Child and adolescent clinical features as forerunners of adult-onset major depressive disorder: Retrospective evidence from an epidemiological sample

Holly Wilcox, James C. Anthony

Research output: Contribution to journalArticle

Abstract

Background: Adult-onset cases of DSM-III-R major depressive disorder (MDD) often have had a history of mood disturbances and allied clinical features during childhood or adolescence. This study seeks to illuminate these early-life disturbances, as recalled and reported by adult-onset MDD cases (i.e. those whose first episode of MDD occurred after age 18) and non-cases. Methods: Our research group has re-assessed survivors in the Baltimore Epidemiologic Catchment Area (ECA) community sample roughly 13.5 years after first diagnostic assessments in 1981. Of the 1920 participants, 150 were found to have a history of adult-onset MDD; 1755 were sub-threshold with respect to DSM criteria or reported few or no depression-related problems. Survival analysis was used to plot and study the cumulative occurrence of each clinical feature of depression from age 6 through 18 years for cases of adult-onset MDD versus non-cases. Results: The earliest and most frequently occurring forerunners of adult-onset MDD were persistent depressed mood, anhedonia, feelings of worthlessness, and thoughts of death or suicide, with persistent anhedonia and worthlessness having a special prognostic value. One-third of adult-onset cases of MDD reported at least one clinical feature before age 19 versus only 7.3% of non-cases. Limitations: The study's estimates are based on retrospective recall, although a life chart methodology sought to reduce recall inaccuracies. Conclusions: The ECA follow-up sample data, though based on retrospection, provide new details about early forerunners of adult-onset depression from a sample of survivors. When they appear in children or adolescents, persistent anhedonia and persistent feelings of worthlessness merit special attention. These two clinical features, in particular, may help predict later risk of adult-onset major depression.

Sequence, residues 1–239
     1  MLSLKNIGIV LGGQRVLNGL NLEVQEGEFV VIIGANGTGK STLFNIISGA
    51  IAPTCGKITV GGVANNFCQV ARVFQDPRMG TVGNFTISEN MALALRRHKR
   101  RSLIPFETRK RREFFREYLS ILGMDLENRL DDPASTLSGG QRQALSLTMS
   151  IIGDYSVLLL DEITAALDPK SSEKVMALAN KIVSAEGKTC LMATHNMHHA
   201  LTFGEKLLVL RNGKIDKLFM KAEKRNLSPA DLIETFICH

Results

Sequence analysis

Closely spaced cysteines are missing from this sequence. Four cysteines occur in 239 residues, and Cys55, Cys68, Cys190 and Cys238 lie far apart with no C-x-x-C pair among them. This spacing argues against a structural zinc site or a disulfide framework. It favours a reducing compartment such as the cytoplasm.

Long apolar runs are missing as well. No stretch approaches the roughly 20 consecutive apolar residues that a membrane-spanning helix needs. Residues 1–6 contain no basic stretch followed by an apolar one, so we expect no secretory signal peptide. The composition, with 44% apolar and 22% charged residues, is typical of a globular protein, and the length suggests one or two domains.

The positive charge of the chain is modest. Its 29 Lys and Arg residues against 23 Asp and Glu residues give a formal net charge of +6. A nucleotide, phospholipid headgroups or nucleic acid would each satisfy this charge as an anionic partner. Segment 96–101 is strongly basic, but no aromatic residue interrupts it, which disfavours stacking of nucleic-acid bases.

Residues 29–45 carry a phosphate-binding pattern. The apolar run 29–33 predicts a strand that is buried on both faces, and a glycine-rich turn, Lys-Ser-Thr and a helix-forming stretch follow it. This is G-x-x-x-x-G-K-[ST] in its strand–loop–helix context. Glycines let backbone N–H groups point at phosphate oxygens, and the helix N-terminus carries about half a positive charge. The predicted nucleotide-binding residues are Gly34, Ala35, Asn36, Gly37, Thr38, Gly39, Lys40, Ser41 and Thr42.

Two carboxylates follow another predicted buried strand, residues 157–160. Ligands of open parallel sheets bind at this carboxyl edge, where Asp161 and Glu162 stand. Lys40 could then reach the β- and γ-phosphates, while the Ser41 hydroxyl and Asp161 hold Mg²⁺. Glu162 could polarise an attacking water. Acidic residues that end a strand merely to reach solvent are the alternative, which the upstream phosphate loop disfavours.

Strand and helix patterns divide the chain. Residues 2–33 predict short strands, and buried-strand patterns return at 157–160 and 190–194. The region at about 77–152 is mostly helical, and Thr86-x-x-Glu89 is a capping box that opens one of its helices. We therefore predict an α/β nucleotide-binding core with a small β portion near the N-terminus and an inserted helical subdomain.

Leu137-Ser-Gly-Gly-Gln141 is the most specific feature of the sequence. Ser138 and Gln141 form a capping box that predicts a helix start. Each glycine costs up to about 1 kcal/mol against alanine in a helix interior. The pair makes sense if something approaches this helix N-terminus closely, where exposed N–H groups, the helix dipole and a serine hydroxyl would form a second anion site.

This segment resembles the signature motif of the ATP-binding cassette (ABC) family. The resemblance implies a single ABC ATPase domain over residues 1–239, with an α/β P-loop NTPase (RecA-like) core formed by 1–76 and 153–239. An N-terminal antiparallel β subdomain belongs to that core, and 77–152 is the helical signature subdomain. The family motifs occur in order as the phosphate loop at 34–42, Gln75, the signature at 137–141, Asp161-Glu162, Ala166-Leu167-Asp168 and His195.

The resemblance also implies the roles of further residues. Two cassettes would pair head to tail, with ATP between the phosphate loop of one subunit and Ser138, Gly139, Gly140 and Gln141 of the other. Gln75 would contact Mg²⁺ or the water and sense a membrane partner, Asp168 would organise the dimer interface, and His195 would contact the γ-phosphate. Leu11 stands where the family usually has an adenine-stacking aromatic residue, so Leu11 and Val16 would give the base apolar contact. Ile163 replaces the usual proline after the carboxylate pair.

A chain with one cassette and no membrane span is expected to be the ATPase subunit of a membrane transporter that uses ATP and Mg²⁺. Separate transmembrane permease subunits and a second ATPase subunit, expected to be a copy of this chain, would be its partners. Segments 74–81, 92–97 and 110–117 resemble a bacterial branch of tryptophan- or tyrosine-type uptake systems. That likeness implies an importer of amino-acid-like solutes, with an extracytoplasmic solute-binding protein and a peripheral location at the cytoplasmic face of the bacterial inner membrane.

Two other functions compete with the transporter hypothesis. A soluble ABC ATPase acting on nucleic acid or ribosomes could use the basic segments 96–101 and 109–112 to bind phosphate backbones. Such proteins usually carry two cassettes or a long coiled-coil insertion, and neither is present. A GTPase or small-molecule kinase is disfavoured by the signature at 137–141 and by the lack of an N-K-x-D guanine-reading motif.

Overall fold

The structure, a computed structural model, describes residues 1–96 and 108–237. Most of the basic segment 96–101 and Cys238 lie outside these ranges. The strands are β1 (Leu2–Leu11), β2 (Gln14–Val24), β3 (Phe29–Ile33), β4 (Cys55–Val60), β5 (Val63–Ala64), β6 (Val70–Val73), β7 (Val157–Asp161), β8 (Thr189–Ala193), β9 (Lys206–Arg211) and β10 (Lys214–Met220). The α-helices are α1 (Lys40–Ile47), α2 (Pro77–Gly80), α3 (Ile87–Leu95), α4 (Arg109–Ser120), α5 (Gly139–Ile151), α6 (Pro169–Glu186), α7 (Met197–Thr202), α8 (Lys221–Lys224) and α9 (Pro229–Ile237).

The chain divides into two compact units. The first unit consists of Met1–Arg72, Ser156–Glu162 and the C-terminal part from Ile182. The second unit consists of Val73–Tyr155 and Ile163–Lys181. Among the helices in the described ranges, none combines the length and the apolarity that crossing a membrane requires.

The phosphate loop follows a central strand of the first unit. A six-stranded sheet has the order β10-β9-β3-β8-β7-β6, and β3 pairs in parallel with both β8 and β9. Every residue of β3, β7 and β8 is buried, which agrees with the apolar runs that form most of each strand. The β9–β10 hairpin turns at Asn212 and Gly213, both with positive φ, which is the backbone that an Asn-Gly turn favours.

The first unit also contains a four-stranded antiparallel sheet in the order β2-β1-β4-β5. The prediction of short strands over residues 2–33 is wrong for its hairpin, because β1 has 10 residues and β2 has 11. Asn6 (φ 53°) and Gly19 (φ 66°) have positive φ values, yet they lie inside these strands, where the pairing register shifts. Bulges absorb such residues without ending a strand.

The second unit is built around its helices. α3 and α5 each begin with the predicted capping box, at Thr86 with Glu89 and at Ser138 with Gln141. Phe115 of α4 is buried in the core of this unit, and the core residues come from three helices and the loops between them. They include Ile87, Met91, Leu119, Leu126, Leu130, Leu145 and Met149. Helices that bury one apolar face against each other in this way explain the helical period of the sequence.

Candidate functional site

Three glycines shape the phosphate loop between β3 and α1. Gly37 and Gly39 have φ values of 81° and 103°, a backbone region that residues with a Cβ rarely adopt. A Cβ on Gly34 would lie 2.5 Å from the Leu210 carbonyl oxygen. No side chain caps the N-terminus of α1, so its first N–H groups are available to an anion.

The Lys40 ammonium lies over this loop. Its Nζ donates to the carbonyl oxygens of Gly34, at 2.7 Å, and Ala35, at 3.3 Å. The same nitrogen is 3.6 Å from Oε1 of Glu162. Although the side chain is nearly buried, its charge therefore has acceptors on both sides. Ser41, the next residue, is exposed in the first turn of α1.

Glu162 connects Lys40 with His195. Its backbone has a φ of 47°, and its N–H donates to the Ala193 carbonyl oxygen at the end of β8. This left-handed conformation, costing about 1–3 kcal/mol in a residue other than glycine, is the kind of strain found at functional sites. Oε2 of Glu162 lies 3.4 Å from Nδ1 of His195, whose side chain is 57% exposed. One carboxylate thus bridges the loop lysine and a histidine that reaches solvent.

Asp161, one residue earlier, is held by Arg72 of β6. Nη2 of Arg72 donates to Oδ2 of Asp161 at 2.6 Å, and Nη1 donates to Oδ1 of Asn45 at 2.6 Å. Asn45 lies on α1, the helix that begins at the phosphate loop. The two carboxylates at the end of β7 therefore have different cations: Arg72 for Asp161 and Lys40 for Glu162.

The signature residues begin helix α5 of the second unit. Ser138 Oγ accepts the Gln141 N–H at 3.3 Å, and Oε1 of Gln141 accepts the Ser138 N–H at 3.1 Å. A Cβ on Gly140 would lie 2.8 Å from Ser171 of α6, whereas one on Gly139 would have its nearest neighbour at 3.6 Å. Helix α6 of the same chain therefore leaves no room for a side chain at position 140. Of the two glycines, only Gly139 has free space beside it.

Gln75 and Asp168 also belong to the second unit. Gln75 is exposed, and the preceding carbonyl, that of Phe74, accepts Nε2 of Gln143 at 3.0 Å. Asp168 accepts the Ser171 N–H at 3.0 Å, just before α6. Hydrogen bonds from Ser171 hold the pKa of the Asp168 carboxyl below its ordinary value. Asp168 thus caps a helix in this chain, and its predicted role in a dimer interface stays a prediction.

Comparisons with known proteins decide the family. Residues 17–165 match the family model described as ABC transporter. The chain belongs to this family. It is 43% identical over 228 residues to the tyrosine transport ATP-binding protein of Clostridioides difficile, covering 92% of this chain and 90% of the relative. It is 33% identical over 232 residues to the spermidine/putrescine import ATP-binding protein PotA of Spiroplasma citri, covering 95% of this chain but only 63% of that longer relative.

Original languageEnglish (US)
Pages (from-to)9-20
Number of pages12
JournalJournal of Affective Disorders
Volume82
Issue number1
DOIs
StatePublished - Oct 1 2004

    Fingerprint

Keywords

  • Adolescent
  • Children
  • Epidemiologic studies
  • Major depression
  • Natural history
  • Survival analysis

ASJC Scopus subject areas

  • Psychiatry and Mental health
  • Behavioral Neuroscience
  • Biological Psychiatry
  • Neurology
  • Psychology(all)

Cite this